Heaven for Ravi Shastri and hell for Shane Warne

Ravi Shastri (left) and Shane Warne © AFP & Getty Images

On January 5, 1992, a day when Shane Warne made his first Test appearance, India’s Ravi Shastri scripted a meticulously planned double-century to take India to the brink of victory. Karthik Parimal looks back at the knock that lighted up the Sydney Cricket Ground.

The Sydney Test of the 1992 series between India and Australia will be remembered for an ample number of reasons. Firstly, it marked the debut of Australia’s greatest leg-spinner in the form of Shane Warne. Sachin Tendulkar, who had just one international century to his name until that point, blasted his way to an unbeaten 148 batting at No 6, his first against Australia in any format. Also, it was the only Test in the series that India managed to save. While Tendulkar’s ton certainly was a factor, it was Ravi Shastri‘s 206 at the top of the order that helped India hold its fort.

The circumstances under which Shastri scripted the double-ton were trying. The Indians were ruthlessly exposed at Melbourne and Brisbane in the first two Tests. To stage a comeback at an intimidating venue like Sydney Cricket Ground (SCG) was always going to be arduous. Moreover, Shastri walked out to the middle without his regular opening partner, Krishnamachari Srikkanth was discarded after scoring 24 runs from four innings. Shastri too wasn’t in pristine form; nevertheless, he got starts and looked more at ease than a few of the other top-order batsmen.

The Sydney pitch in those days was known for its sharp turn, and the hosts often played an extra spinner at this venue. However, Allan Border preferred to take field with just one specialist spinner this time around, and it was not Peter Taylor. Instead, it was newbie Warne who came in. On the other hand, the Indians uncharacteristically left out Venkatapathy Raju in favour of a seamer. Like Warne, Subroto Banerjee too was playing his first Test. He accounted for three out of four wickets on the first day, and contributed his bit in restricting the Australians to just 313. David Boon was the only batsman to get a ton.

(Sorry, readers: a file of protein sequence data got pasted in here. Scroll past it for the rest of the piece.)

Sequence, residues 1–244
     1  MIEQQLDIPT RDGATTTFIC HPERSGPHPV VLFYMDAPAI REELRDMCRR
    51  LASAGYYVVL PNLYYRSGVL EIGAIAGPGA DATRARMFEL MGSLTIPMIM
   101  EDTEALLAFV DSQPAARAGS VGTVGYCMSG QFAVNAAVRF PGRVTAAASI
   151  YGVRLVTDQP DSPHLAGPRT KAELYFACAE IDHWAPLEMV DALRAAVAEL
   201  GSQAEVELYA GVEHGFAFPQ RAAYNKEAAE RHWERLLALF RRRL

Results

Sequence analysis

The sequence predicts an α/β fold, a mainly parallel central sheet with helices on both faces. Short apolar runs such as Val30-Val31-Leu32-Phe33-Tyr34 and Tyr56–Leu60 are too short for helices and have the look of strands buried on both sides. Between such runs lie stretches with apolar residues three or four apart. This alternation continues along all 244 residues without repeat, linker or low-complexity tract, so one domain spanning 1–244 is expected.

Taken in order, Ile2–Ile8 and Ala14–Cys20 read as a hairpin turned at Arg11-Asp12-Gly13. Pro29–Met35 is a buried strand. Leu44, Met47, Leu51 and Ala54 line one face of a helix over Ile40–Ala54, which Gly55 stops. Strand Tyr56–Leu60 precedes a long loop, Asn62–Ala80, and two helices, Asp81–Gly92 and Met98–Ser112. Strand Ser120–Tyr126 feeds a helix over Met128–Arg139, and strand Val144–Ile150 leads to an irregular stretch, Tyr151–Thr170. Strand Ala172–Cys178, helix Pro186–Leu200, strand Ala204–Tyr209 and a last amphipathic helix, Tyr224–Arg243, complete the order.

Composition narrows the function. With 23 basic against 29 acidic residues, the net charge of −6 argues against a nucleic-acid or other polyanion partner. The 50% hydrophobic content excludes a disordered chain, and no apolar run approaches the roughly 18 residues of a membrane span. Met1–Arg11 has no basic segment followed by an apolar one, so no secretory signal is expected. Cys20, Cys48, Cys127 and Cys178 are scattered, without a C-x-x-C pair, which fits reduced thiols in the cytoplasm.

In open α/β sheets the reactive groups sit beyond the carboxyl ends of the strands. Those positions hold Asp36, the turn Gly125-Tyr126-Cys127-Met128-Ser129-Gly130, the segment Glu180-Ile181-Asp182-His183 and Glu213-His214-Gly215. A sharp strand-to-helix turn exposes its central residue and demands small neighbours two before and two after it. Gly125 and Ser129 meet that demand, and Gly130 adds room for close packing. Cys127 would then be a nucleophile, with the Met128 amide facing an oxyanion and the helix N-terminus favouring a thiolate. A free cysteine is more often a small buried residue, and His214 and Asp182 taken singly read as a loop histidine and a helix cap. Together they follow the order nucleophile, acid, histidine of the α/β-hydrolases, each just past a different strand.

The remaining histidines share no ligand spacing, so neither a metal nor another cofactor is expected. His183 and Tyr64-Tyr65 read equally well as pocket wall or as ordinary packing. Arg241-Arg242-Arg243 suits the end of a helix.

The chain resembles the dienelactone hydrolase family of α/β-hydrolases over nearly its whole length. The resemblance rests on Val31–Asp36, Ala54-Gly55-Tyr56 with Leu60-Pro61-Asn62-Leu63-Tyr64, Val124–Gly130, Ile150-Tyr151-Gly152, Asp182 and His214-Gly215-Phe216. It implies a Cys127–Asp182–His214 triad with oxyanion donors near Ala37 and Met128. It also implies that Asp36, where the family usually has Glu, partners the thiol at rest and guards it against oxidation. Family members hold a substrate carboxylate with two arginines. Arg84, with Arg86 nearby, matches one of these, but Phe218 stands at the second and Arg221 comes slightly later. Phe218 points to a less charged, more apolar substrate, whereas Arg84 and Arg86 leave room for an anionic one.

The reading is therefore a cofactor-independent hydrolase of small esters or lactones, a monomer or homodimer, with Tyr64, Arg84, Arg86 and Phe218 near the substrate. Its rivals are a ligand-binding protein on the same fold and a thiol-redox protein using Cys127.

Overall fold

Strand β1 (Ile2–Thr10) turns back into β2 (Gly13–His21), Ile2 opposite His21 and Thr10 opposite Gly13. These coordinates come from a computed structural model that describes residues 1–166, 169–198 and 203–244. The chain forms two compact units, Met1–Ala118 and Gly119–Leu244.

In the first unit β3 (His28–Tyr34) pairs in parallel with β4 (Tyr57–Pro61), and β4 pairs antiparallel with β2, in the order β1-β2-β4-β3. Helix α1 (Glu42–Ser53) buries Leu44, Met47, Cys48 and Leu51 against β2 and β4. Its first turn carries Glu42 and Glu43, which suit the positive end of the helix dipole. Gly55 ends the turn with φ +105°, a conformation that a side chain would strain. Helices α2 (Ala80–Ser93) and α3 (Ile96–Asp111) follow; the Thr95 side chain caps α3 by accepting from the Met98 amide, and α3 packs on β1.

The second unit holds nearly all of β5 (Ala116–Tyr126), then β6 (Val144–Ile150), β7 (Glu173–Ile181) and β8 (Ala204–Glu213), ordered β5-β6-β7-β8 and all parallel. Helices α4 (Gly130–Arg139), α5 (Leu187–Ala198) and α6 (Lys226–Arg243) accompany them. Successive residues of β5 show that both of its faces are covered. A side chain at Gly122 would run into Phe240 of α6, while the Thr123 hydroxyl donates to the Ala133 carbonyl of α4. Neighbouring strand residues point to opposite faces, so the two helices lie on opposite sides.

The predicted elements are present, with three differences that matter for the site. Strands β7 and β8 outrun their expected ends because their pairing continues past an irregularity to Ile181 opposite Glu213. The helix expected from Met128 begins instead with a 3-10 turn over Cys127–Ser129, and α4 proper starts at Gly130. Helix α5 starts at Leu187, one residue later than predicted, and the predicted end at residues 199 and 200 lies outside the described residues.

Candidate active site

Shastri walked out to bat on the second day alongside Navjot Singh Sidhu, who was playing his first match of the series after replacing Srikkanth. However, the move failed to pay dividends as Craig McDermott sent him back for a seven-ball duck. Sanjay Manjrekar too was dismissed before the end of day’s play, but not before trying to offer resistance. It was on the next day, when Shastri and Dilip Vengsarkar were looking to steady the ship, that the Australians grassed an opportunity to pin down the visitors. It was no dream start to Warne’s career, as he dropped Shastri off his own bowling when the latter was on 66.

After a shortened third day, McDermott dispensed Vengsarkar and Azharuddin in the same over the next morning, with the ball seaming about. Thereafter, Shastri and Tendulkar put on a partnership with an approach that took many by surprise. While the youngster attacked, Shastri meticulously piled on runs at the other end. He batted for over nine-and-a-half hours to help India gain an upper hand for the first time in the series. Mike Whitney, who was the 12th man in that game, reminisced about the Test years later- “I just remember chasing the ball from one end of the SCG to the other, and being very frustrated that I couldn’t bowl, couldn’t bat, couldn’t take any other part in the game than chasing leather.”

In what was a matter of consolation for Warne, he picked up the prized wicket of Shastri when the batsman played a rather tired-looking shot at 206. But by then, the Indians were already ahead with 84 and five wickets in hand. With that knock, Shastri became the first Indian to register a double-century against Australia in Australia. Rain played a spoilsport for most part of the Test match, and although the hosts were eight down for just 173 on the board in the second innings – thanks to Shastri’s left-arm orthodox spin accounting for four wickets – there was hardly any time for the Indians to romp home. The Test ended in a tame draw. Although they ran the Australians close in the next game at Adelaide, the Perth Test was lost by a margin of 300 runs. Tendulkar (368) and Shastri (300) were the leading run-getters for India in that series while the rest couldn’t measure up to the challenge.

While it was a Test to remember for Shastri, with both bat and ball, it was a nightmarish debut for Warne, who ended up with one for 150 in 45 overs.

Brief scores:

Australia 313 (David Boon 129*, Mark Taylor 56; Subroto Banerjee 3-47) and 173 for 8 (Allan Border 53; Ravi Shastri 4-45) drew with India 483 (Ravi Shastri 206, Sachin Tendulkar 148; Craig McDermott 4-147)

(Karthik Parimal, a Correspondent with CricketCountry, is a cricket aficionado and a worshipper of the game. He idolises Steve Waugh and can give up anything, absolutely anything, just to watch a Kumar Sangakkara cover drive. He can be followed on Twitter at https://twitter.com/karthik_parimal)